Section: Amherst

Program targets needs of Nashua's at-risk youth

Nashua Telegraph Staff   

NASHUA - Amid the laughter that filled the room, Nashua resident Aldonys Reynoso, 13, struggled to cut the brightly colored ribbon with an orange pair of safety scissors.

Finally, somebody handed the youth a sharp pair, and with a snip, the police officers and state officials that filled the recreation room of the Nashua Police Athletic League center on Ash Street erupted in a cheer.

The crowd, which included Nashua Police Chief Timothy Hefferan, Attorney General Kelly Ayotte, First Assistant U.S. Attorney Joseph Laplante and Mayor Bernie Streeter, among other notable officials, had turned out Friday to celebrate the opening of the PAL Youth Safe Haven at the center.

Funded by a grant from the Milton S. Eisenhower Foundation, the program is a cooperative effort involving local police, officials from the Nashua School District, the Nashua Housing Authority and the New Hampshire National Guard to help target the needs of at-risk youth.

Through the program, PAL officials and a soon-to-be-hired civilian counterpart will work with Nashua School District 21st Century officials to track the educational progress of 100 students whose parents have signed them up for the program.

"It's been our honest and legitimate goal to be involved in community policing, and to effectively serve we have to forge new partnerships to be able to do that," Hefferan told the crowd.

"With the Eisenhower Foundation, the school system, the housing authority and PAL, we pledge that we will continue to build a kind of relationship that we have so far on friendship, on trust, and on respect with our future that is our youth," he said.

According to PAL program director Kevin Landry, the program - which will operate Monday through Friday from 3-6 p.m. at the center - will allow PAL officials to have more "Instead of just being open as a community center, we will also have specific programs, for instance homework every day," Landry said.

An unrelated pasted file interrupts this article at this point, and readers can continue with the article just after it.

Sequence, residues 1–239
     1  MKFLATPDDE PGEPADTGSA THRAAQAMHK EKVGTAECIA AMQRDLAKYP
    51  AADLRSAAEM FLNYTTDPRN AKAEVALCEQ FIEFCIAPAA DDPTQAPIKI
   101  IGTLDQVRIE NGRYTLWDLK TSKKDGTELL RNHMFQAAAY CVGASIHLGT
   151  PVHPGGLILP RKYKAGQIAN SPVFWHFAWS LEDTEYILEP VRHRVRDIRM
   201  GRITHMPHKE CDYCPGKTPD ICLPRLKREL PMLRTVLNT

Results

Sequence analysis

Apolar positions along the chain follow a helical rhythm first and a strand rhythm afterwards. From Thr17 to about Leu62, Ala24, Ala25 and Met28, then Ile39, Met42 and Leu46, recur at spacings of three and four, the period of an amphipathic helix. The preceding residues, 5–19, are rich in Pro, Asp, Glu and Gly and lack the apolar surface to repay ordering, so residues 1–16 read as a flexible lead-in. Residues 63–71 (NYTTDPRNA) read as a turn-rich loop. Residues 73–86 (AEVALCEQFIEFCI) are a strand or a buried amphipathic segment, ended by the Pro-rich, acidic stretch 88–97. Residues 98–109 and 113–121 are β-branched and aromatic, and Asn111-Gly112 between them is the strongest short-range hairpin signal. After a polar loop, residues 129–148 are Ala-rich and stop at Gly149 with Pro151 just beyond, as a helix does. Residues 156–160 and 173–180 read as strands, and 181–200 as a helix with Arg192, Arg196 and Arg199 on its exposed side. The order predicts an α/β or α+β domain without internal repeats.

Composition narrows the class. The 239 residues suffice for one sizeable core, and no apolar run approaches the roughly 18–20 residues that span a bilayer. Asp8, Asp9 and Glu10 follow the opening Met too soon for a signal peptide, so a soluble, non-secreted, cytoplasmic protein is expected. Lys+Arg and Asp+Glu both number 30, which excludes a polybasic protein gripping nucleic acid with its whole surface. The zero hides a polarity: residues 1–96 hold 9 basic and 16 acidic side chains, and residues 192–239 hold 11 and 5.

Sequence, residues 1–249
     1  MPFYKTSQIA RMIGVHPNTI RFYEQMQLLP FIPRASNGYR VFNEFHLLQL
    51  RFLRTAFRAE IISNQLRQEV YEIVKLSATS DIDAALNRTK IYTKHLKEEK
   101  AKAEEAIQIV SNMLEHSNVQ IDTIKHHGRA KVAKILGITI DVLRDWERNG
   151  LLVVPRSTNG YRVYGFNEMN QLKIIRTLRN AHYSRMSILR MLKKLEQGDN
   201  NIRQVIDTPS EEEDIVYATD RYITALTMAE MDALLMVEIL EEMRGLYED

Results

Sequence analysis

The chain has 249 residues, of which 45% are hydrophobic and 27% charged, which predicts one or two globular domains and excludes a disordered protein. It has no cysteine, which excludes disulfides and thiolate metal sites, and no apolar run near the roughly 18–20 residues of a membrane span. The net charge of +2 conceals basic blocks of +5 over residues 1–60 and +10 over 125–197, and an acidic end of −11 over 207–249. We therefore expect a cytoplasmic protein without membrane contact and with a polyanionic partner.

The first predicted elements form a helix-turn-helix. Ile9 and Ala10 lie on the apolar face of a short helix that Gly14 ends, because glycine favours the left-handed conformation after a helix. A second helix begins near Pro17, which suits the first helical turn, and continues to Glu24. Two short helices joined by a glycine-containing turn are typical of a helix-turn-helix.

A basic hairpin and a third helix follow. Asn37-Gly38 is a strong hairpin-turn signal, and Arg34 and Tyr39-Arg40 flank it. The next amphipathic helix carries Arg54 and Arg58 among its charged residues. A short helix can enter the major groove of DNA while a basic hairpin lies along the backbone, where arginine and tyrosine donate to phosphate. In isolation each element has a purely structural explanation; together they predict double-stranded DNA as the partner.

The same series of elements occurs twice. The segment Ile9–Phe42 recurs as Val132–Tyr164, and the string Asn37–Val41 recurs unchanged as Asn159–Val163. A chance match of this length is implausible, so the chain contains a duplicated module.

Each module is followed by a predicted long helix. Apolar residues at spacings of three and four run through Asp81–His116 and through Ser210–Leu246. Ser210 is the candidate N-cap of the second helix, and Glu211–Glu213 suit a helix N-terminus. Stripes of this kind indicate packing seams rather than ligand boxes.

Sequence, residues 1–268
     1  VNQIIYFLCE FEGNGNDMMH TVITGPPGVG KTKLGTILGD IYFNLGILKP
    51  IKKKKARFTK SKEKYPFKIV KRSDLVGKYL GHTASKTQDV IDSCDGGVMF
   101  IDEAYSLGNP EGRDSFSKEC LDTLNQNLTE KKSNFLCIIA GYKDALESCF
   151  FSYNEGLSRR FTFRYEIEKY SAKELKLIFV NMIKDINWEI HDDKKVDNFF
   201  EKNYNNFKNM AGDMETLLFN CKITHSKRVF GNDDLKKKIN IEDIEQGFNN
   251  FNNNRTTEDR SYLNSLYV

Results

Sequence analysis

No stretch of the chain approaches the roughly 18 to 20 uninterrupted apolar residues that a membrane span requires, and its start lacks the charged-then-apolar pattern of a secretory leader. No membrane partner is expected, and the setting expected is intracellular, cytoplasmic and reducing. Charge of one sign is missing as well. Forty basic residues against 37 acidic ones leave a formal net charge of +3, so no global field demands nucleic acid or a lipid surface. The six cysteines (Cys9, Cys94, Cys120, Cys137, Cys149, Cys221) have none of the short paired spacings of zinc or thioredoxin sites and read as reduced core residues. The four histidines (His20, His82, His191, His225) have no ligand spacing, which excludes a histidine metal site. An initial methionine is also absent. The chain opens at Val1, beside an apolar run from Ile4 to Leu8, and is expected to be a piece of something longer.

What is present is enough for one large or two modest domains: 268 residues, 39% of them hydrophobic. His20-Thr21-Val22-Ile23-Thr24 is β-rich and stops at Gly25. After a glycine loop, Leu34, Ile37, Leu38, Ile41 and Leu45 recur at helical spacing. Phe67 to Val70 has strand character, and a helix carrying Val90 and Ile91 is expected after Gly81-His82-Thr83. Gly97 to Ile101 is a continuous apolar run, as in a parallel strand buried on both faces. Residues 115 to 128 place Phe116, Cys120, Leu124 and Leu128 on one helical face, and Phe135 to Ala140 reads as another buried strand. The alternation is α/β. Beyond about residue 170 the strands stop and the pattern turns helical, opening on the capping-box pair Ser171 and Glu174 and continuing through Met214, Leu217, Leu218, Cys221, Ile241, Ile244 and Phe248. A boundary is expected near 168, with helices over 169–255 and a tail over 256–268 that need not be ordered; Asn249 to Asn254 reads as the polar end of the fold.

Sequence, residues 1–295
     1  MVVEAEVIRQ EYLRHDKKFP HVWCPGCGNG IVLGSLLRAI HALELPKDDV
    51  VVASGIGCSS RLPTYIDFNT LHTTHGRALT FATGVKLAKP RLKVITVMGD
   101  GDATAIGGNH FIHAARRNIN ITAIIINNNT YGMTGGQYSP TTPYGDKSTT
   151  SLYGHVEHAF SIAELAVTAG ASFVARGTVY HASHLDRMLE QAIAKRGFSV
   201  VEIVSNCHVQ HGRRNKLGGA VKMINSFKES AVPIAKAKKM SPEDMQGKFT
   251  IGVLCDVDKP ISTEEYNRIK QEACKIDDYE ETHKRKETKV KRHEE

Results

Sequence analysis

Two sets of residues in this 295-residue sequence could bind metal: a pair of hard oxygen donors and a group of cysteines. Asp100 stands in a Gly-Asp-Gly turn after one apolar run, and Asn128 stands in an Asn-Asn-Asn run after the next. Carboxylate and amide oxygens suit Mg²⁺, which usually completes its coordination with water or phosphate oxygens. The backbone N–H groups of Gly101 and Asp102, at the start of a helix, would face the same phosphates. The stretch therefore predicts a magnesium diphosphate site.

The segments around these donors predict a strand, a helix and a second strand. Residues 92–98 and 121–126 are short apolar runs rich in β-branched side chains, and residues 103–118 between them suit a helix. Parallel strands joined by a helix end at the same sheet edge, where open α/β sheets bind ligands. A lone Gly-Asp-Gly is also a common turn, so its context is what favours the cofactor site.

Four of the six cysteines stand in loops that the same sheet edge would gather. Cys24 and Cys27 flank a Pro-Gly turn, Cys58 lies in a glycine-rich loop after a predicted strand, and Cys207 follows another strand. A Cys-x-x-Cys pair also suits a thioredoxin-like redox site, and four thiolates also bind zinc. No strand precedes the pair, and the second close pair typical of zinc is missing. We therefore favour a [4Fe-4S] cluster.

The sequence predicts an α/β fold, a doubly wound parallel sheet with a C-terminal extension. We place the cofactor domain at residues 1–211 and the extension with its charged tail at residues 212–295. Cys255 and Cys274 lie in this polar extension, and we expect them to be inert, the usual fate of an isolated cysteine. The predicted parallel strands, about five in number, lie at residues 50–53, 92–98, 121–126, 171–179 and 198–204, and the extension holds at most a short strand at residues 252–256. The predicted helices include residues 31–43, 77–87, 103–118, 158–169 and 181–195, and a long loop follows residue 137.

Reynoso was just one of the 30 or so "regular" kids who frequent the center on a daily basis, he said.

The program will also allow Nashua police to assign two police officers to areas specified by the Nashua Housing Authority.

"That officer is going to be the liaison between what goes on with these kids when he or she responds to calls for service in the housing authority, and then communicates that information back to this program here," said Hefferan after the ribbon cutting.

The program was modeled on the Japanese policing structure called Koban, said Melissa Silvey, Dover Housing Authority director of family services who helped found the state's first Youth Safe Haven in Dover in 1999.

"The concept is putting a city officer on every city block," said Silvey explaining the eastern practice.

"That city officer knows every family on that street, knows every kid's name; that is why their crime is so low," she said.

"The whole point of this safe haven is building trust with police. You can have police presence everywhere and still not have trust," Silvey said.

"To do that takes a lot of work and you have to get out of your vehicle and you have to start mixing with the neighbors," she said.

Silvey said that after the program was started in Dover, calls for police services in targeted areas dropped almost two-thirds in the first year, then spiked in the next year.

"And so we had to look at that, and we surveyed residents as to why, and it was because they felt more comfortable reporting, and that their report to a police officer wouldn't just be pooh-poohed," Silvey said.

Through the Dover Youth Safe Haven program, Silvey said, parents fill out a form at area schools allowing program officials to see their child's report card and to track their child academically and get progress reports from the school.

The kids pick the programs that they want to attend; however, the primary program that they must attend is homework studies, which runs everyday right after school for one hour, she said.

Program officials then check homework and monitor the child's grades in those studies.

"The key factor is that you are bringing in a circle of partners who are all communicating with each other," Silvey said.

Grant money expected for the program will be in the $100,000 to $200,000 range, depending on the program they create, according to Doug Hayes, commander of the police department's services bureau, which overseas the PAL program.

"This is a significant benefit to the PAL program as it has existed," Hefferan said.

"PAL is done solely on fund-raising, and it is a fairly rigorous endeavor . . . That money coming in will support not only some of the new programs we will have to more narrowly focus on kids, but I envision it helping in defraying some of the fund-raising efforts that we do every year," he said.


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